C2. Contexts and Influences
- C2.1 identify ways in which dramatic expression and performance reflect communities and cultures, past and present
- C2.2 describe how drama is used for various purposes in a range of social contexts
By the end of the lesson, students will:
- Be able identify the use of dramatic and dance conventions that can shape a drama work with movement
- discuss the shapes, patterns and design of Islamic art and architecture, as well as their intersections and interrelationships as displayed through patterns found on arabesques, in mosaics, in fabrics and features of buildings in the Islamic world.
- identify different geometric shapes found in authentic examples of Islamic art found in the Aga Khan Main gallery and/or digital collection (including floor tiles, mosaics, arabesques and fountains, as well as ornamentations).
- Use embodied inquiry to explore the ways in which geometric shapes can be represented through movements to show the process by which mosaics are created and put together
- create short individual and collaborative movement pieces using a series of geometric shapes and flocking which replicate patterns and designs found in these mosaics.
Instructional Components and Context
Students need to be able to listen and respond appropriately in the setting of the drama classroom.
Students need to have had some experience both individually and collaboratively doing movement work using some of the Elements of Dance (Body, Energy, Space, Time, Relationships and related movements). See Anchor Chart for the Elements of Dance.
Teachers may also wish to consult the CODE resource, "Exploring Dance Elements" which breaks down the elements into body, space, pattern, time and energy and would be a great resource for reference and understanding these terms.
Students should have some knowledge of drama conventions connected to ensemble work and and teacher coaching to participate in the lesson.
If teachers wish to show students some videos that outline effective ways of working with movement, please check out the following links from the National in London:
This lesson could be done over three or more classes depending on the number of extensions the teacher chooses to include in this lesson and the comfort of the students in rehearsing and presenting a collaborative movement piece.
- Beginning, Middle and End
- Elements of Dance: Body, Energy, Space, Time, Relationship
- Embodied Inquiry - Embodied Inquiry involves the use of our physical bodies (and our forces of sensation both visceral and physical) as well as our mind (reactions/responses) to do inquiry-based learning work: asking questions, doing research and analyzing our own learning and creative experiences. In this way our body serves as "knower", "doer" and also the "aesthetic medium" (Definition based on the work and research of Mia Parry).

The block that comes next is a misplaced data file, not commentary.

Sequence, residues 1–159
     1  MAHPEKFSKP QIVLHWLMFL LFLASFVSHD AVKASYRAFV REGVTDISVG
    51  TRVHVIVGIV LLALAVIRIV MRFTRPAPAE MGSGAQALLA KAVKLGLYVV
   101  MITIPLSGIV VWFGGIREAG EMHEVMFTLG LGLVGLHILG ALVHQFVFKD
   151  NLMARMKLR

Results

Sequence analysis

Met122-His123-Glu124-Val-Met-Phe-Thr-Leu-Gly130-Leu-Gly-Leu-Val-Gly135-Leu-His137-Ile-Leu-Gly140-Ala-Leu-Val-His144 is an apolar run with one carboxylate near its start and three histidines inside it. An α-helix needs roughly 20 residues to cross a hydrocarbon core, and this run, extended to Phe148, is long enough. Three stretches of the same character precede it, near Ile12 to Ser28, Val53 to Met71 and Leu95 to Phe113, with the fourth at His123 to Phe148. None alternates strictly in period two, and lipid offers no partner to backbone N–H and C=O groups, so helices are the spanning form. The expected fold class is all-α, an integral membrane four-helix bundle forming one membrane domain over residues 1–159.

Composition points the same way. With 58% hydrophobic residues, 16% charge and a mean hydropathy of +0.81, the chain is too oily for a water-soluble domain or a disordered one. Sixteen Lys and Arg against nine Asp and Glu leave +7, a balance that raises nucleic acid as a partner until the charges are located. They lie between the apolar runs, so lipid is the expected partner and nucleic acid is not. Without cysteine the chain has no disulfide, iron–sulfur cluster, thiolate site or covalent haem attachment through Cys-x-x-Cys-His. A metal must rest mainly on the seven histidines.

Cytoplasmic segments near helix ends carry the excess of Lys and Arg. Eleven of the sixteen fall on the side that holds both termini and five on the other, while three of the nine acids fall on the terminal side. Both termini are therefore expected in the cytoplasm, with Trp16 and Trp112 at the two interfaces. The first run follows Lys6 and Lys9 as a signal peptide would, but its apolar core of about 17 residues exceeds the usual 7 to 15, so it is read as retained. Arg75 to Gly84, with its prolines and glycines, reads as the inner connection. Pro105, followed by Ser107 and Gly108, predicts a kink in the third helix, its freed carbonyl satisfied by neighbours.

- BLM #7 - Understanding some of the Symbolism of Geometric Shapes in Islamic Art
- BLM #8 - Shapes (circles, squares, triangles, polygons, octagons) cut out of paper and in different colours
- Chart paper and markers of different colours enough for one piece of paper per group of 4-5 and at least 6 markers of different colours to represent each of the shapes.
- Instrumental Music to accompany movement pieces: Ajla Zikruka Music (11) - Album Bismallah
- BLM #9 - Backgrounder on Works of Art in the Aga Khan Museum
- BLM #10 - Artifacts from the Aga Khan Digital Collection
- BLM #11 - Flocking of Shapes - Checklist of Movement Vocabulary
- BLM #12 - Flocking the Shapes Performance Rubric
- BLM #13 - Exit Card - Creating a Kaleidoscopic-Cipher Reflection
Whole Class > Warm-up Option 1: My Body Makes This Shape...
The purpose of this activity is to have students warm-up their bodies and to become familiar with the ways in which they can use parts of their bodies to make particular geometric shapes.
Gather the students in a large circle and ask them to stand.
Explain that for the warm-up they are going to explore the ways in which they can use their bodies as a whole as well as specific parts of their bodies to make movements (Connected to the Body element of Dance using Body Parts (head, torso, shoulder, arms, fingers, elbows, legs, knees, feet, ankles etc. and Shapes that are curved, straight, angular, twisted, narrow, wide, symmetrical, asymmetrical).
Ask students to stand at least arms-width apart so that they have enough space to move. Instruct students to listen closely to the instructions and individually move/create based on them.
Begin with easier movements and gradually increase the complexity of the movements throughout the exercise.
Encourage students to explore the diverse ways in which they could use their bodies throughout this activity while creating their movements.
In order to facilitate the progression of the movements, the teacher will start with the whole body and then have students use different parts of their bodies to explore the shape making in different ways.
- Use your whole body to make a circle.
- Make a circle with your right leg.
- Make a circle with your pinky finger.
- Make a circle with your hips.
- Make a circle with your knees.
- Use your whole body to make a square.
- Use your left hand to make a square.
- Use your head to make a square.
- Use your right ankle to make a square.
- Use your shoulders to make a square.
- Use your whole body to make a triangle.
- Use your big toe to make a triangle.
- Use your left elbow to make a triangle.
- Use your right thumb to make a triangle.
- Use your head to make a triangle.
This could be written as as journal entry or done as part of a class discussion
Which of the shapes did you find easiest to make?